Change Your Mind, Change The World
The overriding theme was change your mind, change the world. The idea that world peace begins with inner peace. A lot of the discussion centered around the benefits of meditation as a tool to achieve inner peace. The Dalai Lama believes that scientific research into meditation is important because having evidence and knowledge about the physical and mental benefits meditation can have on a person enhances “the well-being of the world.” Meditation is a way to find peace of mind within oneself without relying on outside escapes, such as drugs or alcohol, he said.
Dr. Davidson said having good health doesn’t just mean the “absence of illness” in the body, but also removing suffering from the mind. He believes that teaching others how to do that through the practice of meditation, learning to live happier, can have real long-term benefits.
“It’s public health because disturbing emotions we know cause changes in the body that impact our physical health,” Davidson said. “And so there is evidence to suggest that people who are happier and have higher levels of well-being actually have biology that is more conducive to health.”
Dr. Davidson discussed how research has proven that well-being (which he partly defines as happiness) is a skill that can be learned. He detailed four constituents of well-being that have been extensively investigated neuroscientifically.
1. Resilience - how quickly we recover from adversity. Having a meditation practice cultivates increased resilience.
2. Positive outlook - when you look at every human being you see their basic goodness and savor and imbue everything that we do.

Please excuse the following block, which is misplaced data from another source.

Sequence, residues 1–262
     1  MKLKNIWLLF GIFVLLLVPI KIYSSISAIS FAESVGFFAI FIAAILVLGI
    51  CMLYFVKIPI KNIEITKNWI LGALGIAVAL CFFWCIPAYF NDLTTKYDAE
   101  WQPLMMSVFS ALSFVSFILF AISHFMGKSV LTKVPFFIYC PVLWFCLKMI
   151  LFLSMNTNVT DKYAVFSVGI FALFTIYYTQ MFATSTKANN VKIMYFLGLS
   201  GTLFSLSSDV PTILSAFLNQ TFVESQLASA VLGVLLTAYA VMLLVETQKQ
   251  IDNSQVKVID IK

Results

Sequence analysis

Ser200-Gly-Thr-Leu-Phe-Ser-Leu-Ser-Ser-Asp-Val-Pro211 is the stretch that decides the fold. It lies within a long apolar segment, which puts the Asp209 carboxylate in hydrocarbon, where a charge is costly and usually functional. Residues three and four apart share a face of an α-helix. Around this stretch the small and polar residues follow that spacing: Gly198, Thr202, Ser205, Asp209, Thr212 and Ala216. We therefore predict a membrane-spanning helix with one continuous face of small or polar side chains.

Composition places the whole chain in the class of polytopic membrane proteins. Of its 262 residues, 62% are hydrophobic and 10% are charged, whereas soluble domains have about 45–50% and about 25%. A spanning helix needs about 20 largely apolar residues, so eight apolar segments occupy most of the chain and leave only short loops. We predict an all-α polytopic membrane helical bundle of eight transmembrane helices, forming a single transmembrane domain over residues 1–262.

3. Attention - a wandering mind is an unhappy mind. We can learn to pay attention through meditation.
4. Generosity - acts of generosity activates circuits in the brain that promote well-being.
Research shows these are skills that can be learned and enhanced creating more well-being.
The Dalai Lama's message consistently focused on love and compassion, the concept of oneness and humanity, and education on inner awareness based on science. He noted that all religions acknowledge love and that meditation (which he refers to as mental training) creates more love. He stressed that we are talking about humanity and not specific religions. He believes that oneness and compassion will bring world peace.
The Dalai Lama also discussed prayer. He said that praying by itself is not okay, that we need prayer and effort. He said that we can bring our prayers to Jesus or to Buddha or to whomever asking them to solve the world's problems. He believes that they would say...you created them, you fix them. He feels that yes we should pray, but that prayer without action is not okay. We also need to make the effort ourselves to do what it takes to fix the problems that humankind has made.
These were just some of the highlights, I have included below a link to the youtube video of the entire event. It's an hour and a half long. I found it hard to hear and understand the Dalai Lama when he first speaks, don't get discouraged his voice projects more after a few minutes. I also found that I became accustomed to his accent allowing me to understand him better after the first few minutes. Enjoy!
What are your thoughts on these highlights or on the video? Do you agree that oneness and compassion will bring world peace? Do you agree that prayer without effort isn't enough? What do you think about the four constituents of well-being? Do you agree that well-being is a skill that can be learned and enhanced? Have you started a meditation practice yet? If not, what's holding you back? I would love to hear your comments and feedback!